Michael Kelly appears to make sense

And yet, I’m not sold. It’s because of that profoundly mind-changing conversation I had with my priest friend. As I’ve already made clear, the easiest thing in the world to do is treat the Situation simply as a problem with inefficient bureaucratic machinery. Profoundly American approach. But to do so fails, I think, to address the central problem: which is the total failure of the American Church to grasp the meaning and nature of the ordained office. The way out of this is not going to be more rules or a shinier bureaucracy. It is going to be a clergy (and laity) that understands and takes seriously the mission to carry the cross.

As Kelly notes, there is no particular mechanism in place in this proposal for what to do if a bishop doesn’t bother with implementing the proposed plan. Right. And I agree this suggests rather strongly that our bishops still are not willing to take responsibility for the wrong they have done. However, even if they were ready to take full responsibility tomorrow, the only conceivable mechanisms for dealing with unserious bishops that I can think of are a) Caesar throws the bishop in the pokey, b) the Pope yanks the bishop from his office or c) both of the above. What else is there? Lynching? Laity can (and should) make life hell for a neglectful bishop (as we’ve seen). This includes lay police, prosecuting attorneys and judges, when the situation warrants it. But the bottom line is, the Church is not a democracy. I don’t know enough about governance to know whether fellow bishops can badger a miscreant to step down, but from what I’ve seen this is probably not the case. The bishop is the legitimate head of the Church in his diocese. Ignatius of Antioch goes so far as to say he is Jesus Christ in his diocese and that where the bishop is, there the Church is.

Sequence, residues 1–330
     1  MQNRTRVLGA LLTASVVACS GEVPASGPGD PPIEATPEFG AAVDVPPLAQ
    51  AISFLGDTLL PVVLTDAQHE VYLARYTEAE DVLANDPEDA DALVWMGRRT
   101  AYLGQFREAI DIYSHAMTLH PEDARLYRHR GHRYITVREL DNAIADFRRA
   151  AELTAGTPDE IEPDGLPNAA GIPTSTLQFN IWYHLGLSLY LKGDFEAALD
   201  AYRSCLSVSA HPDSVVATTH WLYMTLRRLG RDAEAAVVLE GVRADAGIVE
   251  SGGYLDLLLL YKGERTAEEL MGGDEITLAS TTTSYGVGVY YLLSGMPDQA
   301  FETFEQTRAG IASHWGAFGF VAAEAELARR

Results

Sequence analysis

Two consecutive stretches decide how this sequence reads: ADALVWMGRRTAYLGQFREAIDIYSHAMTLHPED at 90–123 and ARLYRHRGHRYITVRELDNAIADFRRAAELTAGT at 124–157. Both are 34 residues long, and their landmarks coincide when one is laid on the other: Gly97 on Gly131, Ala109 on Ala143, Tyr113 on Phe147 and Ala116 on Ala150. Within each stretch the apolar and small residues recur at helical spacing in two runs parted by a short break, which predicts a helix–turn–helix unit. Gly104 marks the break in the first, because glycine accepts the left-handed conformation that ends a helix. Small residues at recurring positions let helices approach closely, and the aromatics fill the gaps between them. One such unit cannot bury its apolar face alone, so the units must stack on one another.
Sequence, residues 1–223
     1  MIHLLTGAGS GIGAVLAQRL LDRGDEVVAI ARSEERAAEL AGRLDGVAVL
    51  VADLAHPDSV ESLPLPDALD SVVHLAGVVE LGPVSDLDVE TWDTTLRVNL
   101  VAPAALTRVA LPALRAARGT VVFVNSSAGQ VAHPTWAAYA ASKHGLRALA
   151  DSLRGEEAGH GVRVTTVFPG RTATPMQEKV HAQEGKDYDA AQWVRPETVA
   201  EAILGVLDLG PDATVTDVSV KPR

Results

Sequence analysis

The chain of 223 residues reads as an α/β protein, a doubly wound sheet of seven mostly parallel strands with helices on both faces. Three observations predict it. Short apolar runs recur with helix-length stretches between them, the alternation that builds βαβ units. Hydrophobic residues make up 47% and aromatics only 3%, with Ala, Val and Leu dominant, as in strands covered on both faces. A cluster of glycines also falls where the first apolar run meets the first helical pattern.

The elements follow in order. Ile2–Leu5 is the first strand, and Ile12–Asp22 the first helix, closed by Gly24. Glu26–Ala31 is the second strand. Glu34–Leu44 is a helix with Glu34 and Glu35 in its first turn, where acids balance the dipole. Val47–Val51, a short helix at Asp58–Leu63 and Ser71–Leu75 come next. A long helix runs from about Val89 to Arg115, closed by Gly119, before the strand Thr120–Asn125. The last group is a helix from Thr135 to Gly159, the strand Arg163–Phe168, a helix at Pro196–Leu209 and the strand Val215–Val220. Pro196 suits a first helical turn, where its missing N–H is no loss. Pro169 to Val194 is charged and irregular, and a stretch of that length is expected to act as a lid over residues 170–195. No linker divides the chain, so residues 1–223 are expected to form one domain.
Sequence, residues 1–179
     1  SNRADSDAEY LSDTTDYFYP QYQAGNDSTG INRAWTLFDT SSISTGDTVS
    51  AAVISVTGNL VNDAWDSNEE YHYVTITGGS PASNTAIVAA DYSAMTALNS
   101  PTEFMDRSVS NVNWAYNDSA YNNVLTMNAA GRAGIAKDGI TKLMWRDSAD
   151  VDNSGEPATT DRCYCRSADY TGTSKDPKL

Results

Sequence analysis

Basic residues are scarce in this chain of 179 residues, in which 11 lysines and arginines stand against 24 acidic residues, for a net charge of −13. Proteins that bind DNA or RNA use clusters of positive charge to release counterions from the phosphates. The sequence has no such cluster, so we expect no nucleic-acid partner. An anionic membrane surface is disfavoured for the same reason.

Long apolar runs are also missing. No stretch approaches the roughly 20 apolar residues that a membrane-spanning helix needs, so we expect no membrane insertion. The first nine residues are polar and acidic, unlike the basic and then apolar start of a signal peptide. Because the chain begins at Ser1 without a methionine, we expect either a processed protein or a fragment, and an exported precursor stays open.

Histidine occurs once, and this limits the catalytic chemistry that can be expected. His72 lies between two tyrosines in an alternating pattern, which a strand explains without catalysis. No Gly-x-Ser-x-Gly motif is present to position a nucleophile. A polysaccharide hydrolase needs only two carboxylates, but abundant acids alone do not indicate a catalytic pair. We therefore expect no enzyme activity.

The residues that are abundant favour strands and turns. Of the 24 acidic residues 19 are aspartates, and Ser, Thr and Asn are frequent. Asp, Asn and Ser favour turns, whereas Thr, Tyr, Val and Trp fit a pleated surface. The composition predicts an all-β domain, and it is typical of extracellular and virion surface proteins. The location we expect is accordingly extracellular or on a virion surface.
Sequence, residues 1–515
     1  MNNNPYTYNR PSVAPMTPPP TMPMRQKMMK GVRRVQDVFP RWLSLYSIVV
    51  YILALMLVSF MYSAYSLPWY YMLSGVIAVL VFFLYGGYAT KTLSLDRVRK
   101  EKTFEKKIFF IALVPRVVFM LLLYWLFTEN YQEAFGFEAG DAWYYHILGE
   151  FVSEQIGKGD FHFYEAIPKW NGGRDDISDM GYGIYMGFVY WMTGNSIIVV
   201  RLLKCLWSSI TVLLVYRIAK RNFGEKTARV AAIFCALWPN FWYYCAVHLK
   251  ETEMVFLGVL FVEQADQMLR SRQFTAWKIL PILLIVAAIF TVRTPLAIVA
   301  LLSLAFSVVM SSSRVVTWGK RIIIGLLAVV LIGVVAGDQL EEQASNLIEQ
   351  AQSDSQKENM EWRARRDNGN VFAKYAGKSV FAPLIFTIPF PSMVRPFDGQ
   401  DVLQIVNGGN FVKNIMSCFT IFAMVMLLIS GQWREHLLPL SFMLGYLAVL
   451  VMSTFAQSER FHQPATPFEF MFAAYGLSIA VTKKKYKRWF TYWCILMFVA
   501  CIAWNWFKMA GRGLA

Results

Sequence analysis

This is why treating this merely as a problem in bureaucratic machinery will not serve. We cannot remake the Church as something Jesus did not institute (the People’s Democratic Republic of Heaven). Neither can we let abuse of children go unstopped. The only answer? If a serious episopacy is to be created, bishops must learn what their office is according to the Revelation and live it. External impositions of rules will only create an ecclesiocracy more adept at eluding them, unless the ecclesiocracy carries in its bosom the conviction that they are shepherds of souls and not oilers of an institutional machine. Therefore, laypeople must not let them get away with not learning their office and living it. Bishops (and we) must carry the cross. That’s why, I am convinced, JPII leaves them in office: to learn it. Otherwise, we opt for bandaid solutions and never get to the heart of the problem, which is refusal of the cross. If we fail to understand this, we will not be replacing defective bishop A with shiny new bishop B. We will simply be installing an equally defective bishop with no more clue of what his office is than his predecessor–and with as much likelihood of similar results as the crisis abates and life returns to oiling institutional machinery rather than shepherding souls.